It’s Ok To Ask

But, what if the person is someone who you interact with somewhat regularly? Ask. Similarly to how we may feel when we need to ask the name of someone who recognizes us, but we don’t remember them, asking can feel embarrassing, vulnerable, and uncomfortable. But asking is the right way to go.

gender pronoun, proper pronoun, pronoun name tag, ask my pronoun, pronoun button

Button available at Thisshopsuxx on Etsy

A simple “what pronouns do you use?” can go a long way towards building a positive relationship with someone about whom the world often makes the wrong assumption. And putting yourself out there, making a point of trying to use more gender-neutral language, and trying to make as many people as possible feel safe and welcome in your community is a great way to celebrate Pride month.

Check out this BBC article “Beyond ‘he’ and ‘she’: The rise of non-binary pronouns” to learn more about gender pronouns.


Kate Sherman is a Seattle based mental health therapist.  She works with members of under-served and marginalized communities, including those of the LGBTQ+ communities.

One thought on “Why Using Someone’s Preferred Pronoun Matters”

  1. Roxanne Kelly says:

    This is a sincere post, not trolling. I have no problem using a person’s preferred pronouns if they specify what those are. I have no problem with the idea of sharing my own pronouns to make a person feel more comfortable/included/safe. I do have a problem with the notion of asking for someone’s pronouns though. I think that if someone has a different pronoun preference, they should be the one to inform others about their preference. Here’s why. Most people are cis-gender and are going to go by the traditional pronouns. I can think of a lot of cases where asking a cis-gender person what their pronouns are would be rude and mean.
    Here are some examples.
    Post-menopausal women who suddenly are battling stubbly facial hair and other masculinizing side-effects (my own mother has this problem, I think it would make her cry to have someone ask her if she’s a he).
    Chubby guys with man boobs (who’ve undoubtedly been teased and bullied about it). Older people in general, who just look more androgynous due to aging.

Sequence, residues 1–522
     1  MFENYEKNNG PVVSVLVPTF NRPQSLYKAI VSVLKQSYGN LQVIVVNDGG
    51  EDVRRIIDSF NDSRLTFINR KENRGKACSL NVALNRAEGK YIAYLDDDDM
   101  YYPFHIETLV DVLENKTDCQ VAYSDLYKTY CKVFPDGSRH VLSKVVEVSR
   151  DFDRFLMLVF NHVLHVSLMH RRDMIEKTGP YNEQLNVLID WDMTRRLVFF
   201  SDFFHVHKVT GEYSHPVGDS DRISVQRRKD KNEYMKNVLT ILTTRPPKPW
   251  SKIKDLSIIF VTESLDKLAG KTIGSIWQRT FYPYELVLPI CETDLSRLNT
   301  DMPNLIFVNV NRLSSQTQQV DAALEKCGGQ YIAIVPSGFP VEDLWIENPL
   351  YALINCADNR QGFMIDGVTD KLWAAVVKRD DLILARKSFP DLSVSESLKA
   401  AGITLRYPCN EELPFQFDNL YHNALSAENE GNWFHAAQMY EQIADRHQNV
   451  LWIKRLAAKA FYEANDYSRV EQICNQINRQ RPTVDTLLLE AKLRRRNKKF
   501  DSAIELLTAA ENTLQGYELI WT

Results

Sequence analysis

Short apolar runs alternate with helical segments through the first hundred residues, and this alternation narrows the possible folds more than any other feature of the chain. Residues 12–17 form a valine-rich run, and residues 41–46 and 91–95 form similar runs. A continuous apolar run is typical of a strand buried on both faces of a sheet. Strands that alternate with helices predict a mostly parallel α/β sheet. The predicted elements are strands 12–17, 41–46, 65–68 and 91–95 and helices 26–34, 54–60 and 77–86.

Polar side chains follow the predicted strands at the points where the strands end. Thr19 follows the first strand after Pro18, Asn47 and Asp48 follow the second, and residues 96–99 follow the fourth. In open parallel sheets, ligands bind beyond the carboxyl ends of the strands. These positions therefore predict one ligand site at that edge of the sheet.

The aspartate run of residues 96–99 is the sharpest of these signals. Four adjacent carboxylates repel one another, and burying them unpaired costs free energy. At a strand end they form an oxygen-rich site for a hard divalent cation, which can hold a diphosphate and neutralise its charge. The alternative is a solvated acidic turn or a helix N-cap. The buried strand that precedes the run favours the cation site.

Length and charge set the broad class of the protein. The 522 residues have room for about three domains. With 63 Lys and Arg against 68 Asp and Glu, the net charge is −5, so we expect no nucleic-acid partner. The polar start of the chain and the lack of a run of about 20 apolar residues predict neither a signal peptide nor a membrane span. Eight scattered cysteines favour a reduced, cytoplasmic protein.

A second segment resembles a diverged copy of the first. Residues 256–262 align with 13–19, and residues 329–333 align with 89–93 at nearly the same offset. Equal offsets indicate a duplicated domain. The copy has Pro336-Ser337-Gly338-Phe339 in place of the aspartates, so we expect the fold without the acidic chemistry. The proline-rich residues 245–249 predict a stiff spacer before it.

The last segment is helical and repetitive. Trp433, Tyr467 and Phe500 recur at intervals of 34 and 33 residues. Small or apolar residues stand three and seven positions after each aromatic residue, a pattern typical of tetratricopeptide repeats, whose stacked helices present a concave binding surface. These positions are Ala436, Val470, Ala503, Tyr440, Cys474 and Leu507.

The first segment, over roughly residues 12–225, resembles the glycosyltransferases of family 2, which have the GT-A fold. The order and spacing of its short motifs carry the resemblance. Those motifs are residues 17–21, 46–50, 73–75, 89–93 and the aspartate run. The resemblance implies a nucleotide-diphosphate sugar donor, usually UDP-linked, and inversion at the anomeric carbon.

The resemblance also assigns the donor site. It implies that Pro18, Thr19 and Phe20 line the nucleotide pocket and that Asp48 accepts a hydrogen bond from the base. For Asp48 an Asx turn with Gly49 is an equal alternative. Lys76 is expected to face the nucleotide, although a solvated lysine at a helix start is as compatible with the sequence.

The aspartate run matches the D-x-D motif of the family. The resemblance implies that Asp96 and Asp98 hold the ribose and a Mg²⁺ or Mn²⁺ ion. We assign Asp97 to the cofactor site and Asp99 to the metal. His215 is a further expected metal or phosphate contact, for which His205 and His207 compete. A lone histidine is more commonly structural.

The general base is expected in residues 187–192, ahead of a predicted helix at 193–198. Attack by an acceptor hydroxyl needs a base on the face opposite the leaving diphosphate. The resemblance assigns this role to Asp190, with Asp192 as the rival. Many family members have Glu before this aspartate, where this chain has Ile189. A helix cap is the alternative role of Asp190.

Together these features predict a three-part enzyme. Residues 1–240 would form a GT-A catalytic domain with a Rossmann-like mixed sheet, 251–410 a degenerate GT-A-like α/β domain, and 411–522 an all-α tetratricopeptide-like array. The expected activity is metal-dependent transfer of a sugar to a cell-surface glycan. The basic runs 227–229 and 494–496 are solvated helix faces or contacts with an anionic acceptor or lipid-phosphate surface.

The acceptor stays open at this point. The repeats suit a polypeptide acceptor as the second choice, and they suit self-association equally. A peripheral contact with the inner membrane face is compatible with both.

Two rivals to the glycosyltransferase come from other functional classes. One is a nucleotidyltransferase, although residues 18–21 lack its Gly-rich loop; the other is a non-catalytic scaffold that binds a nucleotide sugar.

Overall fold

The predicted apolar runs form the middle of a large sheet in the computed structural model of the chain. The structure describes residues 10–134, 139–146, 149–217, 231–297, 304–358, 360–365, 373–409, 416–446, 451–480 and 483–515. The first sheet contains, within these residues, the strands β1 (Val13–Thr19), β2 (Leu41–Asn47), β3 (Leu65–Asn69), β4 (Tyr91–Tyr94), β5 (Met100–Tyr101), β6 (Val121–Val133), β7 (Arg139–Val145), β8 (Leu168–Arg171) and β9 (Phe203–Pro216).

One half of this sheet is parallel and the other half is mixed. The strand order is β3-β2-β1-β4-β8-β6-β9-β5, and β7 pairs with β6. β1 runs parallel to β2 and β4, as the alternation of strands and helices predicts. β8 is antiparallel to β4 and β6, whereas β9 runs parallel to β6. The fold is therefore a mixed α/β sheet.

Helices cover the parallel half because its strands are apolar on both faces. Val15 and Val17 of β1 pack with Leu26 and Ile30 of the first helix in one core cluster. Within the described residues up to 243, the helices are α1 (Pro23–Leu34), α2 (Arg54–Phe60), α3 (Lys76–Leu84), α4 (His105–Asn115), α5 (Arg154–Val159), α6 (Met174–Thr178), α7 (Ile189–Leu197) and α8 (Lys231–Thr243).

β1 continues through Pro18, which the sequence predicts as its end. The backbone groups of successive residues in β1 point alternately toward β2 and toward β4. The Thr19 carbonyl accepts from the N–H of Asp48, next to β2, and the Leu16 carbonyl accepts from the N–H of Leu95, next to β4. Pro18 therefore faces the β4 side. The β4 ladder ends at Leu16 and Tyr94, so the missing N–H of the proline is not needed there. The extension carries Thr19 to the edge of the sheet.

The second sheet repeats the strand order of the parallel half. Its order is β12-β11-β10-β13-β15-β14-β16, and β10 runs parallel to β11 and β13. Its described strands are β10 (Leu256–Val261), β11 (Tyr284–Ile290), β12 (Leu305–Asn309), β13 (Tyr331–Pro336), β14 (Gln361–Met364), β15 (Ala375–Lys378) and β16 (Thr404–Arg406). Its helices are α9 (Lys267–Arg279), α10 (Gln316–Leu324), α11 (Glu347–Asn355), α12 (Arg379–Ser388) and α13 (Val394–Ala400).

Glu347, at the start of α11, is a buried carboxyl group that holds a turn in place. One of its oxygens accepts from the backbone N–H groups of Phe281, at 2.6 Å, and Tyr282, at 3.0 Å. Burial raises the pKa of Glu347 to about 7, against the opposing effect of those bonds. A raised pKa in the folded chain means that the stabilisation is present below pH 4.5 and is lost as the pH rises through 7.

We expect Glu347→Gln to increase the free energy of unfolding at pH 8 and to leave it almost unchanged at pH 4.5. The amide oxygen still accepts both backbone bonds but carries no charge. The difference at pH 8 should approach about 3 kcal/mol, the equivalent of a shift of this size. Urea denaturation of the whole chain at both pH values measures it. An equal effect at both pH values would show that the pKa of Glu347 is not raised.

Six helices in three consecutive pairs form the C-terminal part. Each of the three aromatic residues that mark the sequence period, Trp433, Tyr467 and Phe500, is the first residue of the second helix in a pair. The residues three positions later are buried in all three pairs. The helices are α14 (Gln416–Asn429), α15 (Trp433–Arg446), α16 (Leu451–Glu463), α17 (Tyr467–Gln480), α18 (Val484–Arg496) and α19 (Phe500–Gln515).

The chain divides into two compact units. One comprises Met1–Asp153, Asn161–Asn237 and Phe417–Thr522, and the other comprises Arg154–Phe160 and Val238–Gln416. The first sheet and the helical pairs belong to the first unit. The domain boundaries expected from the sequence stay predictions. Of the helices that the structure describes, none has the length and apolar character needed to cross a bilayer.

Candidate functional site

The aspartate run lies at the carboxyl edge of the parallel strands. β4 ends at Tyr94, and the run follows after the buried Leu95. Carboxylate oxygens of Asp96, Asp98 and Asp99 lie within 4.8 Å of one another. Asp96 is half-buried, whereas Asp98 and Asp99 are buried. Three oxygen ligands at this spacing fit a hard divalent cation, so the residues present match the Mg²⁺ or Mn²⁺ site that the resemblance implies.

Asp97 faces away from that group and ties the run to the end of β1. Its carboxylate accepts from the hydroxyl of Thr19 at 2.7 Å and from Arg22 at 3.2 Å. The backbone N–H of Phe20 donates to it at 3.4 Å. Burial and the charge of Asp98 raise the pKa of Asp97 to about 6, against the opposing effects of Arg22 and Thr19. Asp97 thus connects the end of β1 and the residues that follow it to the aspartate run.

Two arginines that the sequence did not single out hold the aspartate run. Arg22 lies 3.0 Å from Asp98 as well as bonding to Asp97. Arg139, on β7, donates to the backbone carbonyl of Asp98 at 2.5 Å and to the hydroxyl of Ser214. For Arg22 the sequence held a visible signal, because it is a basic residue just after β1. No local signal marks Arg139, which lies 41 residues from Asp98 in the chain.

Muscular women, flat-chested women. Men with high voices or women with deep voices (I know a man with a high voice who is very self-conscious about it).
    Here’s a very specific example: a black woman with a stocky build who wears her hair short and natural and doesn’t wear makeup. How would you ask a person like that what their preferred gender pronouns are without being horribly mean and insensitive?
    Guys who just aren’t super muscular and are kind of soft and squishy looking (I know several guys like that who are cis-gender).
    Women who, by our societal standards, are ugly (I have a friend who refuses to cut her hair short because she thinks her face is too ugly and people will think she’s a guy if she does…it breaks my heart to think of someone asking her if she prefers to go by he or she).
    Women who have recently battled cancer and lost their hair and had to have a double mastectomy. Wouldn’t it be cruel to ask a woman like that if she’s a he or she? I think that in every one of these cases it would be incredibly mean and cruel to ask for gender pronouns.

    We all live in a society with rules about beauty and gender. These societal rules are still firmly in place. It is hard to be outside the societal standard of beauty. I have a body type that makes me look like I’m pregnant if I don’t choose my clothes wisely. I hate being mistaken for being pregnant. It hurts when this happens. I know there’s nothing wrong with my body type and that it is just society’s effed up beauty standards, but, it still hurts, I still feel self-conscious about it, because the societal standard still dictates that women should have flat bellies, hourglass shapes, etc. My understanding that the standard is effed up doesn’t magically make the standard disappear.

    I guess my point is, suggesting that it is simple to just “ask” for pronouns maybe isn’t so simple. I don’t think you should ask someone. I think it is better to wait for them to volunteer that info on their own. Offering your own preferred pronouns is a great way to make them feel comfortable doing so, but asking someone doesn’t seem right to me. That’s just my 2 cents.